One of the advantages of any open source project is that anyone can collaborate on its development. The open source model is practical for doing things faster and more efficiently, precisely because it promotes collaboration and teamwork.
Think of it this way, if you throw an “open-source party”, you can get your guests to help out with food, money, decorations, or simply help washing the dishes when everything’s over; you can even find yourself a collaborator who is better at planning parties than you, and will help you to throw the party of the year. Many people think that the open-source model is just for software, but as you can see in the metaphor above, the possibilities are enormous and could have a significant impact on communities. This is what makes it so important to society.
Now then, in the world of applications, operating systems, and the Internet, there are lots of open-source projects that are being carried out for an endless variety of purposes, and lots of people feel that they have nothing to contribute because they don’t know how to program. The truth is that you can always collaborate on an open-source project in many different ways, even if you don’t know how to write a single line of code.
Spread the word and promote the community
Let’s say you like an open-source project, for example, a Linux distribution, and you can’t help with the coding or development of applications; just tell other people about it. Be the advertising voice, become the unofficial ambassador for your favourite operating system. If you really like something, think it’s good, and understand the effort behind the project, you’ll have a thousand and one good things to say about it. There’s no need to bad-mouth the others to promote what you like when it really presents advantages.
There are certain things that have become incredibly popular simply because their users sang their praises with their friends and acquaintances, and since they were really quality products, they became popular through word of mouth. And maybe you don’t know how to program, but you have a friend who does. You could get him or her interested in your project and maybe end up collaborating on it. That’s the idea: to promote a healthy community.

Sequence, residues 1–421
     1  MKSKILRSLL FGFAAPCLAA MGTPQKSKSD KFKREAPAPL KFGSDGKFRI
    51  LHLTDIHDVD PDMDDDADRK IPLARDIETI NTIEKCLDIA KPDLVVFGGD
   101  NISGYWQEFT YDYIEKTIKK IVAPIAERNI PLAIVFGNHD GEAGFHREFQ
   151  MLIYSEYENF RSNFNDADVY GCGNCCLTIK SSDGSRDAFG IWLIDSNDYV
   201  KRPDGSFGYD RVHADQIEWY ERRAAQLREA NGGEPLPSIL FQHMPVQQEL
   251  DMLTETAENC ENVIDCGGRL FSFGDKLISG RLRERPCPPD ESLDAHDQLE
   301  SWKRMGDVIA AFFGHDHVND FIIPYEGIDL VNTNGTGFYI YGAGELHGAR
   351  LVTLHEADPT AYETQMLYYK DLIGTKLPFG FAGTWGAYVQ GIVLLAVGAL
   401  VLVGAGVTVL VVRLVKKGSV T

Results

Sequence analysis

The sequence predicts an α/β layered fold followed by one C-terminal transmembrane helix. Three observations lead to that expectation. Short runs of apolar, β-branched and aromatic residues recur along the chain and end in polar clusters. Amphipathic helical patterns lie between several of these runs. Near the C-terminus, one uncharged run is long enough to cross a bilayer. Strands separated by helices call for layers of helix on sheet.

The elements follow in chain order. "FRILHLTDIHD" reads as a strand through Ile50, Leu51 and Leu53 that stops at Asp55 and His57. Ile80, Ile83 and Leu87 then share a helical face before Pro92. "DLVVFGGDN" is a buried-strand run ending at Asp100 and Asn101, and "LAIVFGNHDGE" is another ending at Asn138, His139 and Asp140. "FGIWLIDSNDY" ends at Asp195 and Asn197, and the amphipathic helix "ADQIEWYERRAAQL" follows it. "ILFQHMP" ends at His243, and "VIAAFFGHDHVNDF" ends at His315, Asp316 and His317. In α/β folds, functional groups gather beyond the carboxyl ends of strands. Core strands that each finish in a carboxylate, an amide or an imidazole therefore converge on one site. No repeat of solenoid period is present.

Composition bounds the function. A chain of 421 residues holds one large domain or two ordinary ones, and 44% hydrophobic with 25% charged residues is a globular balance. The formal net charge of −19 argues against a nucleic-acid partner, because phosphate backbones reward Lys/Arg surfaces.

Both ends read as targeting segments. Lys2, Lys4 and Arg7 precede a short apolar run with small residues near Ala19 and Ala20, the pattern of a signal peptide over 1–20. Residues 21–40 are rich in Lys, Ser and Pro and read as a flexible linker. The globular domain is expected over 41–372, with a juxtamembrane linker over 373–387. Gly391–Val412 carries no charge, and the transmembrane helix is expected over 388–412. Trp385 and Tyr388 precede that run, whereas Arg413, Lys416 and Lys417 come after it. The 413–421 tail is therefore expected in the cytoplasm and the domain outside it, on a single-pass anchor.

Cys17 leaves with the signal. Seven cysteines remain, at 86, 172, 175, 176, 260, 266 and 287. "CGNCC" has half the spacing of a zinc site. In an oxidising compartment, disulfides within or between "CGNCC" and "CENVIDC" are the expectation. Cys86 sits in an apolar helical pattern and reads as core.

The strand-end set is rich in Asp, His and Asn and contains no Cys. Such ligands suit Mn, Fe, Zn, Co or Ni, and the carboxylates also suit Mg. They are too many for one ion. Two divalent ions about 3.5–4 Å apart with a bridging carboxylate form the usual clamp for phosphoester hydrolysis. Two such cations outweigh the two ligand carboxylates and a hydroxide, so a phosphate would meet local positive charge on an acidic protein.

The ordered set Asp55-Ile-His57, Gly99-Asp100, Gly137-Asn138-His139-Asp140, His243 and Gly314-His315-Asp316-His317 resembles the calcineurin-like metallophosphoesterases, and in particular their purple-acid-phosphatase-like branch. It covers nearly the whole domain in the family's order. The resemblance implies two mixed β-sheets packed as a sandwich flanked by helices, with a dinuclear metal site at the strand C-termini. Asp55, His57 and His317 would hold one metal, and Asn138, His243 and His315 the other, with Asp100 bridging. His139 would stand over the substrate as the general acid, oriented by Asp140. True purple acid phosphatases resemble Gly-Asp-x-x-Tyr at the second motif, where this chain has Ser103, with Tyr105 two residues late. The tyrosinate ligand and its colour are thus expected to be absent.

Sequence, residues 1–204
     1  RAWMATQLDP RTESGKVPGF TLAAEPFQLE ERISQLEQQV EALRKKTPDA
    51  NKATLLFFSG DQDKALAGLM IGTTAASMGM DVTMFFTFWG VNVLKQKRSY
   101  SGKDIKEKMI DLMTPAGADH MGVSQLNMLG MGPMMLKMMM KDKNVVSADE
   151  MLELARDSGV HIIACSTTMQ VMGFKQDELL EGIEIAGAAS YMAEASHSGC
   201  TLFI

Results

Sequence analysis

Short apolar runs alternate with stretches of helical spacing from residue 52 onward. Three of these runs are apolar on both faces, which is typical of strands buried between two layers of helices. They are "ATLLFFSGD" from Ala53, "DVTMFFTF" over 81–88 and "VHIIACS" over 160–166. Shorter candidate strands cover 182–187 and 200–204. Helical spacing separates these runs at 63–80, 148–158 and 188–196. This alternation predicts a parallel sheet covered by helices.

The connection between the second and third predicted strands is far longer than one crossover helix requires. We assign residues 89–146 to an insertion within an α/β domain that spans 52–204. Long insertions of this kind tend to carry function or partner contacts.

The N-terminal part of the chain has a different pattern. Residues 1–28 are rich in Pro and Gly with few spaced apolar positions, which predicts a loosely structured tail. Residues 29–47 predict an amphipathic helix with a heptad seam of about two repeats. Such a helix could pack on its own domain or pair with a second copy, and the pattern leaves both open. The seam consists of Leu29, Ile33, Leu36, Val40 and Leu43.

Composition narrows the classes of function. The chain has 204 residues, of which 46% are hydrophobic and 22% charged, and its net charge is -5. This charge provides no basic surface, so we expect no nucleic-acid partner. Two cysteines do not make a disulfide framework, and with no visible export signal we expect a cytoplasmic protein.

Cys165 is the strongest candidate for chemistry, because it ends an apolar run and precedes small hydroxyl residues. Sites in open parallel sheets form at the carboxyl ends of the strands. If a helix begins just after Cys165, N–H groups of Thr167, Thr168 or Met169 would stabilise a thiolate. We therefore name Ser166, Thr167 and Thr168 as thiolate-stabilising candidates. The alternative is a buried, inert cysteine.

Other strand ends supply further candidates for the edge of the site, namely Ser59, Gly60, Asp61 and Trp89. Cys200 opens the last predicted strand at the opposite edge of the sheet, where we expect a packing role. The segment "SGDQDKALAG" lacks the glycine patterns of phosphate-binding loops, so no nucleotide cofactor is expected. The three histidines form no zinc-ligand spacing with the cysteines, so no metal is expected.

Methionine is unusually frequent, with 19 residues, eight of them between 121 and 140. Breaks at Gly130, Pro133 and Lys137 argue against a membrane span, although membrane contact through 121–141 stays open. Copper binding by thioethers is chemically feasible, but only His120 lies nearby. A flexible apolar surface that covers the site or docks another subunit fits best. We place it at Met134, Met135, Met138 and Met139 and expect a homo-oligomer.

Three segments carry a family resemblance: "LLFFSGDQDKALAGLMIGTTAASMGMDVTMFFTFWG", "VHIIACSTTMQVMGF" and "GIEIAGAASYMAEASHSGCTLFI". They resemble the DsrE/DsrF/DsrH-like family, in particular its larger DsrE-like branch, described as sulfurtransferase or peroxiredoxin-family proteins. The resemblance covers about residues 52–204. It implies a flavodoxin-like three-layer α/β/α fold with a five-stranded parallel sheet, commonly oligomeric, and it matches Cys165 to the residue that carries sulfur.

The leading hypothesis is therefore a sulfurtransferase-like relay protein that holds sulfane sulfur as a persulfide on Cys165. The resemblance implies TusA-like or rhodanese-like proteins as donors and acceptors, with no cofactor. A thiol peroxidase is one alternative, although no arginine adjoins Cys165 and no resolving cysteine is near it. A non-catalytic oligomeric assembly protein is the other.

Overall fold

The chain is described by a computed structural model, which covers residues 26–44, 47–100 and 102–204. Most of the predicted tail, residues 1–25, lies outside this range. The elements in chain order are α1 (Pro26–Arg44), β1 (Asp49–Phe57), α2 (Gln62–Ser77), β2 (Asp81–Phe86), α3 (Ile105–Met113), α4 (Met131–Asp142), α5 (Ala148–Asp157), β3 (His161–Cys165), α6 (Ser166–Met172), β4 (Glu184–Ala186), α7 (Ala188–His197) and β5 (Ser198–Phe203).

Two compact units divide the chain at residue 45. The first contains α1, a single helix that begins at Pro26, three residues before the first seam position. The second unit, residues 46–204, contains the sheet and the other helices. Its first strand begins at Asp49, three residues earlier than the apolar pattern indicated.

Use the skills that you do have
Maybe you’re not a programmer, but the chances of you knowing how to do something else are high. Maybe you’re good at design, in which case you could contribute to the design of a website or the design of the program’s interface, or the product logo, etc. If design isn’t your thing, maybe you’re good with social networks and can handle the online community for the project.
Maybe you’re a blogger: write about the topic as much as you can. Maybe you know several languages: help out with translations to bring the project to more users. Maybe you’re good with people: work to convince others to try and collaborate with the company, create events, and promote them. There’s always some resource that you can call on, everyone has a super-power.
Get your cheque book out
If you have the means, you can always contribute funds to an open-source project; just because everyone collaborates selflessly on something doesn’t mean that people don’t need to eat. And collaborating with money can always give a healthy boost to any undertaking, provided it’s invested properly. You may not have superpowers, but if you’re rich, you can be like Batman.